Figure 223. --Map of flow field according to model of blast dynamics. To ease numerical computation problems, the exit Mach number of the flow is assumed to have been 1.02 instead of the sonic Mach number, 1.00. All length dimensions, x and y, are normalized to vent diameter. The model is symmetric about axis of vent, so it is split into two halves here for conciseness. On left, the characteristics are shown as thin lines radiating from corner of vent. Boundary of flow is assumed to have been at constant pressure, 8.7 X 104 Pa (0.87 bar). The peripheral intercepting shock formed by reflection of the expansion waves from this boundary is shown as dashed line. Note how reflection of expansion waves deflects boundary of flow away from its original expansion angle of 96°. Flow directions are shown by representative arrows, solid within zone where model is strictly valid, dashed in zone where model is extrapolated across shock waves. On right, contours of constant Mach number M and, therefore, constant pressure (P/P0), temperature (T/T0), and density (p/p0) are shown. Velocities are given implicitly by the Mach numbers. Each contour is labeled by the value of the Mach number, M. From the innermost contour outward, values of M, P/P0, T/T0, and p/p0 are given. In the supersonic region, these values are respectively (2.23, 0.087, 0.91, 0.095); (2.49, 0.047, 0.89, 0.053); (2.75, 0.025, 0.87, 0.029); (2.88, 0.018, 0.86, 0.021); (3.01, 0.013, 0.85, 0.016); (3.14, 0.009, 0.83, 0.011). Extrapolated into the subsonic region, where in fact, M is less than 1, these values are: (3.27, 0.006, 0.82, 0.007); (3.41, 0.004, 0.81, 0.006); (3.54, 0.003, 0.80, 0.004); and (3.68, 0.002, 0.785, 0.002). The approximate location of the Mach disk shock is shown; it separates the inner region of supersonic flow, for which the model is valid, from the outer subsonic zone in which no solution has been obtained. Model is extended into this region where the contours are shown as long dashed lines and Mach numbers are shown in parentheses. Downward curvature of outer contours near axis of flow is probably an artifact of the grid size used in the numerical solution, and the likely contour shape is shown by short dashed lines.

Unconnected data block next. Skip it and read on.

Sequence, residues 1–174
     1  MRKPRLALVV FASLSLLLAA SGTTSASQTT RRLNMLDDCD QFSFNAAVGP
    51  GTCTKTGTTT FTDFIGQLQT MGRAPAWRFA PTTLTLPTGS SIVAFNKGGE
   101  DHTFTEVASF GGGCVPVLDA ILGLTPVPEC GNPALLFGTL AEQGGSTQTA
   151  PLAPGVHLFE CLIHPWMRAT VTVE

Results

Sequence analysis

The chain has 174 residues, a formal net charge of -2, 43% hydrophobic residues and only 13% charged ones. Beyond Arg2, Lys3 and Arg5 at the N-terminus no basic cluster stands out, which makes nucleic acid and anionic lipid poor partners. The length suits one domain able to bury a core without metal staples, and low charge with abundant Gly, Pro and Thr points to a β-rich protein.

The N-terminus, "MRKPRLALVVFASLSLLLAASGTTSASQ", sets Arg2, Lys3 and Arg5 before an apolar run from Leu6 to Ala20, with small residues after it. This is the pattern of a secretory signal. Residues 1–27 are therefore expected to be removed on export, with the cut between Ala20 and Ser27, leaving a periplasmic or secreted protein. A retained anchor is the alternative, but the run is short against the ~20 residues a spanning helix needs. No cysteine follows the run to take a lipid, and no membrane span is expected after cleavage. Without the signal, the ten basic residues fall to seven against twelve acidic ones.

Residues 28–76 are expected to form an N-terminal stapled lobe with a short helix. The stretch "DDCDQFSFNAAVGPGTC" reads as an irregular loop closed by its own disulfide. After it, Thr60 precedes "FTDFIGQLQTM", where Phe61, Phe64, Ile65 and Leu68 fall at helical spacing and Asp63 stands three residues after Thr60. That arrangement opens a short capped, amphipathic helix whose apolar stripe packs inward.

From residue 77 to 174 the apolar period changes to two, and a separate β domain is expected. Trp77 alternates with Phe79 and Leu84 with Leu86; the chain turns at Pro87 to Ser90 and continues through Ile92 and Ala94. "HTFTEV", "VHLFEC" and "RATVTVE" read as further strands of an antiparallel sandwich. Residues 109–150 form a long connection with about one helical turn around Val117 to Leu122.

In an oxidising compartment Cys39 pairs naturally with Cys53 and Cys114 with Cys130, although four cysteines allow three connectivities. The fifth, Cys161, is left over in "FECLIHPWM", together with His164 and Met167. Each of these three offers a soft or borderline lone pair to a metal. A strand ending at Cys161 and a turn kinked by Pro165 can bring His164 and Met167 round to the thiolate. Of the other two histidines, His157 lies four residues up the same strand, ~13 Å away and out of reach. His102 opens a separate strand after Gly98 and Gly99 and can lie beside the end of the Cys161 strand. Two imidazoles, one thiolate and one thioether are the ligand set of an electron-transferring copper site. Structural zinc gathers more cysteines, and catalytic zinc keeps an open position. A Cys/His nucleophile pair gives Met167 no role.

A number of effects not considered in this simplified analysis must be kept in mind in applying this model to Mount St. Helens. Friction would have decreased the supersonic flow velocities toward sonic conditions (that is, toward about 100 m/s); changing topography would have increased and decreased velocities as the flow progressed. Thus, as the flow initially expanded and dropped about 1 km in elevation toward the North Fork Toutle River, the effects of friction and gravity would have opposed each other. After crossing the North Fork Toutle River, the flow rose again into relatively high country, and the effects of friction and gravity would both have slowed the flow. The effects of mass addition to, and loss from, the flow were assumed here to have been compensatory, as large debris fell out and trees and soil were entrained; in detail, this assumption cannot be correct because of the differing sizes, temperatures, and densities of the materials. Because of these considerations, I believe that the model velocities are high upper limits on actual flow velocities.